Red Hat simplifies transition to open source Kafka with new service registry and HTTP bridge
Red Hat continues to increase the features available for users looking to implement a 100% open source, event-driven architecture (EDA) through running Apache Kafka on Red Hat OpenShift and Red Hat Enterprise Linux. The Red Hat Integration Q4 release provides new features and capabilities, including ones aimed at simplifying usage and deployment of the AMQ streams distribution of Apache Kafka.
Features available in this new version include:
- Service Registry as Technical Preview
- HTTP-Kafka bridge is now generally available
- Secure HTTP-Kafka bridge with 3scale API Management
The addition of the service registry and the HTTP Kafka bridge improves Red Hat positioning as the 100% open source platform for cloud-native Kafka workloads. These new features become a suitable complement to the usage of the Kafka Operator for OpenShift based on the CNCF sandbox project Strimzi.
Schema service registry for event-driven architecture
Red Hat Integration’s service registry, based on the Apicurio project registry, provides a way to decouple the schema used to serialize and deserialize Kafka messages with the applications that are sending/receiving them. The registry is a store for schema (and API design) artifacts providing a REST API for access management and a set of optional rules for enforcing content validity and evolution.
The Apicurio service registry handles the following data formats:
- Apache Avro
- JSON Schema
- Protobuf (protocol buffers)
In addition to the registry itself, users can leverage the included custom Kafka serializers and deserializers (SerDes). These SerDes Java classes allow Kafka applications to pull relevant schemas from the Service Registry instead of requiring the schemas to be bundled with the applications.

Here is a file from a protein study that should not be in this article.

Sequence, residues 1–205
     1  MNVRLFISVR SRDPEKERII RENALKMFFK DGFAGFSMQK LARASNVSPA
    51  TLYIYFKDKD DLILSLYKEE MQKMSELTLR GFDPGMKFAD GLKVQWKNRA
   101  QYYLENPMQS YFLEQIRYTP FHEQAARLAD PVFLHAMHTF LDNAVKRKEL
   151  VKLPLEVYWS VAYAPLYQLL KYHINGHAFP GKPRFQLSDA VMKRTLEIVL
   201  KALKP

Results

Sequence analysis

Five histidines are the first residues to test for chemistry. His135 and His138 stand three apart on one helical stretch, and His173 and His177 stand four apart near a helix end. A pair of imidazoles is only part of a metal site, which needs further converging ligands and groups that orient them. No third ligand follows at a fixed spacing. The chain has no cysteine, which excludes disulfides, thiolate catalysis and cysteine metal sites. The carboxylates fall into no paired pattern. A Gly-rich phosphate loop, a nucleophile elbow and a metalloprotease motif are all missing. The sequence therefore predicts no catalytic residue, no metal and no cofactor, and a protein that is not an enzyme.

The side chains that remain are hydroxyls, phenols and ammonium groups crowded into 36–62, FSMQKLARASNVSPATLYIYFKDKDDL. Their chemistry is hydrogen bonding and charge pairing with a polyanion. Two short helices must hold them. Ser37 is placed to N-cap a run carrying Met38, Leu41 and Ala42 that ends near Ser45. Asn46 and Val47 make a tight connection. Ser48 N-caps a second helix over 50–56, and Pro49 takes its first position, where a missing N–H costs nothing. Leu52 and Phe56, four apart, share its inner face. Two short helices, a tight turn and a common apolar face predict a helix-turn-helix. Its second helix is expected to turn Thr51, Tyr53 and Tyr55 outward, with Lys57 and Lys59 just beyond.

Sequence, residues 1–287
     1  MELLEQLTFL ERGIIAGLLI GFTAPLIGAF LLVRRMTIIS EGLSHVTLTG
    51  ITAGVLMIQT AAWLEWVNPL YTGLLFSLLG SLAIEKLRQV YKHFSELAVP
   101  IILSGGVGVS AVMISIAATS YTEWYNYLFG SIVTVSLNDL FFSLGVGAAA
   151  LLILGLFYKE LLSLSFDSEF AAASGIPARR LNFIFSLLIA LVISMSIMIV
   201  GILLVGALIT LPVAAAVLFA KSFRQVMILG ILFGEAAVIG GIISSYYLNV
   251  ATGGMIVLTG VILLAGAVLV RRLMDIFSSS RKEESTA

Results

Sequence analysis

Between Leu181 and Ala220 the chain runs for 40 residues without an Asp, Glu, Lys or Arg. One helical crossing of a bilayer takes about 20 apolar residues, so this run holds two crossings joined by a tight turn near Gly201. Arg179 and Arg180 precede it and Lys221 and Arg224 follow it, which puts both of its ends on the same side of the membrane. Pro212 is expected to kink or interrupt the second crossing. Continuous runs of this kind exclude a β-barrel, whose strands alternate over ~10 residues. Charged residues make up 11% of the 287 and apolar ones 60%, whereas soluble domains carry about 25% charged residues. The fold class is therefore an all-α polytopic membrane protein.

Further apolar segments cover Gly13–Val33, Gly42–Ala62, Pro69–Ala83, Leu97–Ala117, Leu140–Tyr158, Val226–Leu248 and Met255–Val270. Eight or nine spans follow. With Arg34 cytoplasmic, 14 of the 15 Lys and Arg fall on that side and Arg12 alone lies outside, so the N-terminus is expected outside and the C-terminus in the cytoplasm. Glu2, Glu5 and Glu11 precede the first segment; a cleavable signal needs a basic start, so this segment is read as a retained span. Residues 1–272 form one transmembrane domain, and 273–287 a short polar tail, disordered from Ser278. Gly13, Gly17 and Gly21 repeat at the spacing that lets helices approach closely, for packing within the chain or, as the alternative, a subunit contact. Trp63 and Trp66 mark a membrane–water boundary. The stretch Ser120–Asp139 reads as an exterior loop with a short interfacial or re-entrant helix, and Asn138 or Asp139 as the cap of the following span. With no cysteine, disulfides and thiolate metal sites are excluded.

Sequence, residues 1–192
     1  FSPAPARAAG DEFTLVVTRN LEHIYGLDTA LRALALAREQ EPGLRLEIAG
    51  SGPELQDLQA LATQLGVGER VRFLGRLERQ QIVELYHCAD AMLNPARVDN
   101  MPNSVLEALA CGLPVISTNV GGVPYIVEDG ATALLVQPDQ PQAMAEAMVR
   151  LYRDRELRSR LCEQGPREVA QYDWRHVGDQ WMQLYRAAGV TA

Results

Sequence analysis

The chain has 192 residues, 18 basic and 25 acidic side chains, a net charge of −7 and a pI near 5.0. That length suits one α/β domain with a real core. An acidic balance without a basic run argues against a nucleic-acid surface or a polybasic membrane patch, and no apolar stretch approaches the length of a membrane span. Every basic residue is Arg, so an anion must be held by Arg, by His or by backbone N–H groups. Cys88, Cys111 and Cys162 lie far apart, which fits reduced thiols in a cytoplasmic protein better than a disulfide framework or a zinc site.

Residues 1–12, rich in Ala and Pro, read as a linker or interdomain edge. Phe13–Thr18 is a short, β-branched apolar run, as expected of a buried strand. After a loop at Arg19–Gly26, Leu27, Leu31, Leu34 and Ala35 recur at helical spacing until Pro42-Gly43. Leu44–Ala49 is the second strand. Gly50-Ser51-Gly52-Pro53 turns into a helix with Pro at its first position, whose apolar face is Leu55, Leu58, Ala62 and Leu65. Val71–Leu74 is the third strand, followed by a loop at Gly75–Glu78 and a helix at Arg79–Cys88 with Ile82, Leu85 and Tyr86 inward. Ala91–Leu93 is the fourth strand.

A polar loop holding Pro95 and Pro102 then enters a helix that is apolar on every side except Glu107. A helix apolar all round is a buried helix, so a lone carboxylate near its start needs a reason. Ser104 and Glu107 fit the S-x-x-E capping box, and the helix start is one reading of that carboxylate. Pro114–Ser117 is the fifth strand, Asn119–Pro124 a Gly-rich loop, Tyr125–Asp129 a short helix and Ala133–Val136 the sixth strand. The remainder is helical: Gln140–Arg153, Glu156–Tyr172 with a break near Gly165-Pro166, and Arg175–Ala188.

Correspondingly, the registry has its own REST API to create, update, and delete artifacts as well as managing global and per-artifact rules. The registry API is compatible with another Kafka provider’s schema registry to facilitate a seamless migration to AMQ Streams as a drop-in replacement.
For the upcoming technical preview, only the Avro format will be included in the service registry for the Red Hat Integration release.
Connecting to Kafka through HTTP
Apache Kafka uses a custom protocol on top of TCP/IP for communication between applications and the cluster. Clients are available for many different programming languages, but there are many scenarios in which a standard protocol such as HTTP/1.1 is more appropriate.
The Red Hat AMQ Streams Kafka Bridge provides an API for integrating HTTP-based clients with a Kafka cluster running on AMQ Streams. Applications can perform typical operations such as:
- Sending messages to topics.
- Subscribing to one or more topics.
- Receiving messages from the subscribed topics.
- Committing offsets related to the received messages.
- Seeking to a specific position.
Users can deploy the Kafka Bridge into an OpenShift cluster by using the AMQ Streams Operator or similar to an AMQ Streams installation, and users can download the Kafka Bridge files for installation on Red Hat Enterprise Linux.
Users can provide TLS support, authentication, and authorization using the API Management capabilities of Red Hat Integration by securing the Kafka Bridge with the 3scale component. Integration with API Management also means that additional features such as metrics, rate limiting, and billing are available.
The Red Hat Integration Q4 release makes Red Hat’s AMQ Streams distribution a better open source platform for cloud-native Kafka workloads. The Service Registry technical preview provides a common ground for data governance in the ever-changing domain of the event management bus. The general availability of the HTTP Bridge in Red Hat Integration enhances the options available to developers when building applications with Apache Kafka.